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When at last her eyes felt heavy, and she had to stifle yawns, she put the ball back into its cotton nest, closed the box, and prepared for bed. Once into her nightgown and about to go to sleep, she opened the door to her room just a crack, so that Charan and the mongooses could roam about at will. Sia and Singhe would slip in and out of her bedroom at least five or six times during the night as they patrolled; so far all they had found was a few mice, and once, a rat, but they dispatched those just as readily as a snake. And she would probably find Charan curled up with her when she woke.

Tomorrow is my day at Fleet Clinic, she reminded herself, with a sense of anticipation. No more assisting, or nursing; she was a full physician now, and she might even have a surgical case! At the least, there would be a broken limb or two, perhaps a delivery, maybe a burn case—

Not too much enthusiasm, her conscience warned, as she got into bed and turned out the light. You might enjoy practicing your art, but remember that this is going to be at the expense of someone else’s misfortune, Doctor Witherspoon.

You’re right, she acknowledged the little voice with a twinge. But

No buts, her conscience retorted, pleased with an easy victory.

As soon as her conscience turned its back on her, well satisfied with itself, she stuck out a metaphorical tongue at it like a naughty child and ran away to hide in sleep before it could catch her.

Chapter Three

THE birds looked down on Maya and her guest with curiosity—all but Rajah, the peacock, who gazed at her with hopes of a biscuit from her plate. The mongooses were curled up around Maya’s feet, hidden by the flounce of her skirt, and Charan sat primly in a third chair next to his mistress. This was the first time that anyone other than the “family” had been in the conservatory since the last of the workmen left, and all of the pets were intensely interested in the newcomer. Maya handed a cup of tea across the tiny table to Amelia, who looked around her with a lively expression of interest. She had expressed approval of the office, envy of the surgery, and proclaimed that words failed her when it came to the conservatory. Since Maya’s certification, Amelia had not only become more of a friend, Maya had gotten the distinct feeling that she was someone who could be trusted utterly. In fact, it seemed to her more and more often that Amelia was someone that Maya had known. Surya, of course, would have said with that certainty that she had, that Amelia and Maya had been sisters or bosom friends or even mother and daughter in some long-ago time. Maya wondered what Amelia’s reaction would be to that. She no longer thought Amelia would be confused; her friend’s mind was too broad, too quick to apprehend a new idea for her to be puzzled by the idea of reincarnation.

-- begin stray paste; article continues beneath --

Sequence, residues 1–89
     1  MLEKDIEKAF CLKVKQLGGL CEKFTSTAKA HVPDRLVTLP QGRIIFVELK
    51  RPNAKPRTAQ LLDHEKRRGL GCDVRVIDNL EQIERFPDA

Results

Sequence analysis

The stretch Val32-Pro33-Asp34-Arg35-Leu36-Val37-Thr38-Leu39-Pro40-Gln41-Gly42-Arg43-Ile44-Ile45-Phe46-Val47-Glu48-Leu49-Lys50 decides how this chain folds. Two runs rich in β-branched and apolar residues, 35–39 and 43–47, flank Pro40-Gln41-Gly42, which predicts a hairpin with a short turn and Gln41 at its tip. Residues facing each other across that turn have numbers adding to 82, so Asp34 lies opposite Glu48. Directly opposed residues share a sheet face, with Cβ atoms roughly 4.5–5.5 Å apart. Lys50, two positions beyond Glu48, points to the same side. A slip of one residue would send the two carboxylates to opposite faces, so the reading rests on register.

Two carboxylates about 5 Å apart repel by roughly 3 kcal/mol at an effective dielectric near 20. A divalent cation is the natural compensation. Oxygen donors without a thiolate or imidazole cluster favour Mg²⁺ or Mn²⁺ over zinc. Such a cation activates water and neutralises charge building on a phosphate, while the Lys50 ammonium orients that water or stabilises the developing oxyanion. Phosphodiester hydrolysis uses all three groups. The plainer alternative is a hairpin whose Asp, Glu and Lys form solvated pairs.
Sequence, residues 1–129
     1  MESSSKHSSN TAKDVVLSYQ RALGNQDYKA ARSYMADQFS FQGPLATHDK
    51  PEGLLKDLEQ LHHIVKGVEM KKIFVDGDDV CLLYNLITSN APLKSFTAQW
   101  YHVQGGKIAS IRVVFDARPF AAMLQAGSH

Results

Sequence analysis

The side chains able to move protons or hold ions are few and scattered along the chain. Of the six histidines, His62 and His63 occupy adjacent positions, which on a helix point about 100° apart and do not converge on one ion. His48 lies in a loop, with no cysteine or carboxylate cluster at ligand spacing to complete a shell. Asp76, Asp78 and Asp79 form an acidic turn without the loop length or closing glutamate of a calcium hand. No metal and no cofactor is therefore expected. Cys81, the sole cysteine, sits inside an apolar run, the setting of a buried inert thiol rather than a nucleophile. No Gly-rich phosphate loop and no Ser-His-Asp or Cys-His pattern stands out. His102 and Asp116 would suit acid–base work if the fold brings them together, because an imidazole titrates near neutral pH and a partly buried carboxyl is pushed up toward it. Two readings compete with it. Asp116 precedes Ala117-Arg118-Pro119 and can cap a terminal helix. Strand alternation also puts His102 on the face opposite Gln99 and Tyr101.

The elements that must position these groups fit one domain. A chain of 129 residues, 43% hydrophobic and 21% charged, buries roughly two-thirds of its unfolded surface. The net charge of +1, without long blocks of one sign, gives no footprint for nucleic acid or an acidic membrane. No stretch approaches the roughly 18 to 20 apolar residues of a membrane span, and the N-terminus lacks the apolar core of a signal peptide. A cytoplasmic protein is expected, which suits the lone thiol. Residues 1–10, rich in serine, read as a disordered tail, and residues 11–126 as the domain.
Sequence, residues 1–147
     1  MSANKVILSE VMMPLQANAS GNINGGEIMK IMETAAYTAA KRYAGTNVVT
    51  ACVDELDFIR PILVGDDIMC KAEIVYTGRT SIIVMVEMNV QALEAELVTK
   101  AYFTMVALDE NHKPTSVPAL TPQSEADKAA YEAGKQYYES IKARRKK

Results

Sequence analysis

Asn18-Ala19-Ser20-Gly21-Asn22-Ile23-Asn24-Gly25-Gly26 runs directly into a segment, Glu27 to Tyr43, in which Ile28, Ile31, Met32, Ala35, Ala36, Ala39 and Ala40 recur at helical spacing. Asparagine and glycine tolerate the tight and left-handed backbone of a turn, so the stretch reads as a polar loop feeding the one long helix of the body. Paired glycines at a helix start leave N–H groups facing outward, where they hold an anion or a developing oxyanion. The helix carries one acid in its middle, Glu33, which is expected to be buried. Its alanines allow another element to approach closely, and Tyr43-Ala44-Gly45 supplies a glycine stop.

She’d probably just nod and accept it, even if she didn’t entirely understand what I meant by it.

“This is a little Eden, and I cannot get over how polite your pets are!” Amelia exclaimed, handing Charan a plain biscuit in answer to his pitiful face and outstretched hand. Charan took it, bobbed his head once, and ran across the pavement to one of his favorite perches and began nibbling it at the edge, turning it around and around in his clever hands to preserve its shape. “I can see why you wanted this place. I wouldn’t have thought I could find a spot so peaceful just off a busy street.”

It’s a good thing she doesn’t know anything about tropical plants, though, or she would never have believed my blithe explanation of how fast they grow.

“I know children that aren’t as well-behaved as your pets,” Amelia continued with a smile. “Perhaps you ought to set yourself up as a deportment teacher as well as a doctor!”

“I suppose you could thank my mother for that, not me. They were hers originally,” Maya told her, crumbling another biscuit for Rajah, who bowed his head graciously to accept the offering from her hand.